GMA: Surveillance Cameras in Nursing Homes?

ByABC News via logo
February 15, 2001, 8:44 AM

Feb. 15 -- According to the federal government, more than one out of four nursing homes are so substandard they threaten their patients' health. In some cases, elderly patients have been physically abused by the very people entrusted to care for them.

With such horrors in mind, the Maryland legislature holds hearings today on a bill that would give nursing-home residents the right to install video cameras in their rooms to detect and prevent abuse. If passed, it will be the first measure of its kind in the United States.

Maryland Delegate Susan Hecht is testifying in favor of the bill before the legislature's Environmental Matters Committee. She told ABCNEWS' Good Morning America today that she began a crusade to pass the so-called "Grannycam" bill after her mother was mistreated in a nursing home.

"My mom had kept talking about being scared and not getting good care," says Hecht. "She couldn't identify the person, the name, but I happened to walk in during the middle of the day and witnessed an abusive incident of my mother while she was in the bathroom."

Hecht says what really scares her is the idea that there is much more similar abuse that simply goes undetected.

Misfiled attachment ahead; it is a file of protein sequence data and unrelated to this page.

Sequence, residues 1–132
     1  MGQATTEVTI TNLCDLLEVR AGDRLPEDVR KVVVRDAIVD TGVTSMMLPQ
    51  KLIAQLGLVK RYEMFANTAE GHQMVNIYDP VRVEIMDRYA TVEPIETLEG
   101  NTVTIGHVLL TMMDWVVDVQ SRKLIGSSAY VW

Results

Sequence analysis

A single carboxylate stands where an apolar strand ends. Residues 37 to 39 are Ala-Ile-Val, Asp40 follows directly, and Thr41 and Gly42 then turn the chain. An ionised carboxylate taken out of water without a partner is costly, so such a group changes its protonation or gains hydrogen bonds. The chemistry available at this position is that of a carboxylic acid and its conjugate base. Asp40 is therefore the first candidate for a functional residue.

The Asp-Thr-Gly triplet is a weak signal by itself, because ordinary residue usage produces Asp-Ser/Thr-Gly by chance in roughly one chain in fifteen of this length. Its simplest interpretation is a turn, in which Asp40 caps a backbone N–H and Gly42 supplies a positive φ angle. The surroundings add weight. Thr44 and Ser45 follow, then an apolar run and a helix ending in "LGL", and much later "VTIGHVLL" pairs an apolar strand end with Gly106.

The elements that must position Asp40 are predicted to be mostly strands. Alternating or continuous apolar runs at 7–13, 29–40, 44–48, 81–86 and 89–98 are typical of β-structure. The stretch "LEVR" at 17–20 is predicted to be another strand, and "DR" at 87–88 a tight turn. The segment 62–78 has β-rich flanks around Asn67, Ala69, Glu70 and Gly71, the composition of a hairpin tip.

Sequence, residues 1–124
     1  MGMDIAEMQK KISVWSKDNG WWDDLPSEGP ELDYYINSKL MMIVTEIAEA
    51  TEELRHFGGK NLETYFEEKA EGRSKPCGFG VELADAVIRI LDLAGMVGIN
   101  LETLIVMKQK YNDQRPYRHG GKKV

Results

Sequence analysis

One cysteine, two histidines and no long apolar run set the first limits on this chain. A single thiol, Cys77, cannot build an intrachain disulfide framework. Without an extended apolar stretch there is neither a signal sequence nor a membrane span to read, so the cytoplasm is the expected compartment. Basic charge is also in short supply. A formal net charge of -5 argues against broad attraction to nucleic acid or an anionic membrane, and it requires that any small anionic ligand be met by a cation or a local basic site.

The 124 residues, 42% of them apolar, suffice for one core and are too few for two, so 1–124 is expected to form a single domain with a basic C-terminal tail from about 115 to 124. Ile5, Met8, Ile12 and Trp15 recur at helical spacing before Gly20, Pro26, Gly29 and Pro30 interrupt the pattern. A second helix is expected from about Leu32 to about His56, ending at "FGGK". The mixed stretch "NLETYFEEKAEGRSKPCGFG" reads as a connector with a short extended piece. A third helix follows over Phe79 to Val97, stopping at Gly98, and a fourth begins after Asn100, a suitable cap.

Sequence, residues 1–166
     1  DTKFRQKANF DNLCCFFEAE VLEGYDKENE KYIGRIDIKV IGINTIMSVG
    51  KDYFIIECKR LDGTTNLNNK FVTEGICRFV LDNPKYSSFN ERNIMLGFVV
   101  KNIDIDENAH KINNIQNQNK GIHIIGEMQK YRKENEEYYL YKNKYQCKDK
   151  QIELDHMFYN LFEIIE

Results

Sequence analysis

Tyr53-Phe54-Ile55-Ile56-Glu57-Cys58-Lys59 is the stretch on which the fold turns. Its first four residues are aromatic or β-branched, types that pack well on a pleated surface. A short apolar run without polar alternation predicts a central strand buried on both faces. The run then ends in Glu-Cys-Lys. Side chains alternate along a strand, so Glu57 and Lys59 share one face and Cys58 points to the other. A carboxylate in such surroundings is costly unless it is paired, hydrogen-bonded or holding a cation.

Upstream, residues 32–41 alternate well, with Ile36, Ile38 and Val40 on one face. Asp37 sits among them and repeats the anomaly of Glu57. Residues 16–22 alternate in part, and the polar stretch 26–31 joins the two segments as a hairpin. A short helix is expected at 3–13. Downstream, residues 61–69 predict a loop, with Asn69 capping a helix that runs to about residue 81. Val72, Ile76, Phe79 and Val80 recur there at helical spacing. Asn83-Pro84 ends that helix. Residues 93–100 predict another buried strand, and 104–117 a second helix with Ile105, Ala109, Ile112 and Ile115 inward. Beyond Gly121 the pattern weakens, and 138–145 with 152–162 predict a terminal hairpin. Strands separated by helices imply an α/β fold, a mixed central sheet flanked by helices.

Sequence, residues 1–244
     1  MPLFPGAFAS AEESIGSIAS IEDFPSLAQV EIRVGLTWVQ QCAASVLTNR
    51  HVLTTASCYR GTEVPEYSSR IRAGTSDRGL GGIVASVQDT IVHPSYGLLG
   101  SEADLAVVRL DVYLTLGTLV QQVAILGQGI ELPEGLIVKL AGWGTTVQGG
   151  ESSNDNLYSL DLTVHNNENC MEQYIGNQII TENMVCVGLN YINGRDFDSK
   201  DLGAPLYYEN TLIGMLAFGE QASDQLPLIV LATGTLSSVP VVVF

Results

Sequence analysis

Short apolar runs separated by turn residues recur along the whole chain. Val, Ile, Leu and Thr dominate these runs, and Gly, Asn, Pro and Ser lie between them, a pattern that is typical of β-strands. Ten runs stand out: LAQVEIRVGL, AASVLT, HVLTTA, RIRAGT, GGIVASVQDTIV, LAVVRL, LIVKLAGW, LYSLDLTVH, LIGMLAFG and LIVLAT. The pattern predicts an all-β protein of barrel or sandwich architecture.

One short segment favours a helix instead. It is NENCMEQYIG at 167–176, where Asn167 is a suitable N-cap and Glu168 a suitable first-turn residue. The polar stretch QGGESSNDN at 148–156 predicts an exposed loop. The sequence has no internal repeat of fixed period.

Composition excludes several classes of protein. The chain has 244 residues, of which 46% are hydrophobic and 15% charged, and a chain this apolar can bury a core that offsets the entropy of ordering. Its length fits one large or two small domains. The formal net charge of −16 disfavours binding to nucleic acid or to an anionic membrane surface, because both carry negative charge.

Patients' Rights and Privacy

There are currently about 1.6 million residents living in about 17,000 nursing homes across the United States.

Politicians in Texas, Illinois and Michigan are watching to see what comes of the bill in Maryland. Efforts have been made to pass similar legislation in each of those three states.

The Maryland bill would give nursing home residents the right to install surveillance cameras in their rooms. Nursing homes would be obliged to allow such monitoring if a resident desires it and could not refuse someone admittance just because they wish to install such a camera.

The bill also proposes guidelines to safeguard the privacy of third parties: If a room is shared, the other resident must grant permission; a sign warning visitors of the video monitoring would be required; and the resident and his or her family would bear the financial cost of installing the equipment.